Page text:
Obviously, the community of La Unión had to displace about three or four times because the paramilitaries were threatening them, and on the 8th of July 2000 they carried out a terrible massacre killing six leaders in the middle of the settlement. Because of this violence on several occasions the people had to flee. But they always returned.
And afterwards the community returned to other settlements such as Arenas Altas, and La Esperanza. They started to recover the lands from which they were forced from, however the massacre of the members of the Peace Community carried on for several years. From 2001 until 2003, more or less, there was an attempt to displace them or annihilate them by hunger, with a food blockade. They started by killing four of the chivero drivers, with the intention that none of the other drivers dare to bring food up to San José. And they managed it, because afterwards no chivero driver dared to go back.
Afterwards they assassinated four people who had shops in the small town. It was a massacre of shopkeepers, one night in 1999 I think it was, well obviously, these shops had to close. And after that they began to assassinate anyone who sold any type of food or soft drinks or even water on the 12km road between San José and Apartadó. These people were killed and the result was a serious hunger situation, a terrible famine.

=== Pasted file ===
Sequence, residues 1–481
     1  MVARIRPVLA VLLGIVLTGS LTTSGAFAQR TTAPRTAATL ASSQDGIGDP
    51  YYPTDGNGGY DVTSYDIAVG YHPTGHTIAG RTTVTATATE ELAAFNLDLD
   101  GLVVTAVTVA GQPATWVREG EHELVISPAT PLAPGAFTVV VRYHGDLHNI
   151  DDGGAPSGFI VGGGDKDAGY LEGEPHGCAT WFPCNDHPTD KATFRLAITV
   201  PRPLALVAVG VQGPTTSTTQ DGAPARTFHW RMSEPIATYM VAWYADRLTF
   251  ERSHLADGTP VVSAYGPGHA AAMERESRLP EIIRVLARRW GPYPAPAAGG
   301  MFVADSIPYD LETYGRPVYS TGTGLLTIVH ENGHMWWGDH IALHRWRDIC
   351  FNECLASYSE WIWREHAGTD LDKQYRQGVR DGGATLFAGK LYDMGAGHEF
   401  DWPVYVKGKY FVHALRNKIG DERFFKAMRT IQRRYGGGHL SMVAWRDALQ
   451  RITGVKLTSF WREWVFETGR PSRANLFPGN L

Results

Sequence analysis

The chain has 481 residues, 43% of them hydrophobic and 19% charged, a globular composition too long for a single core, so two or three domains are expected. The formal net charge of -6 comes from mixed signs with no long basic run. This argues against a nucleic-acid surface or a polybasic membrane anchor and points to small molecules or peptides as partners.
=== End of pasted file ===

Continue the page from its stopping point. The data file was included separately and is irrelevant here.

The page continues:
This is when the new Bishop of Apartadó arrived and listened to the information about the famine that was going on. He decided that he wanted to check the situation out personally and he went on foot from Apartadó, seeing if it was possible to buy food, and he saw for himself that it was impossible. So, he filled a truck with humanitarian aid from the Red Cross and other entities, a food truck basically, and he sent it up to San Jose.
Instead of leaving the Peace Community decided to take on the challenge. The food blockade made them think about what other dimensions their community project could take, and they arrived at the idea of food sovereignty. They started to sow crops near the town. They focused on the most important crops necessary for an adequate diet. They chose four basic foodstuffs, corn, rice, beans and sugar cane and they started to cultivate them. They had previously grown corn and beans but they had no experience in the other crops. However, the first crops were successful.
Therefore, they were able to maintain a basic diet and sometimes they had enough food left over to sell, so they would leave in groups with international accompaniment, to avoid being assassinated on the way, and they would go and sell their crops in Apartadó.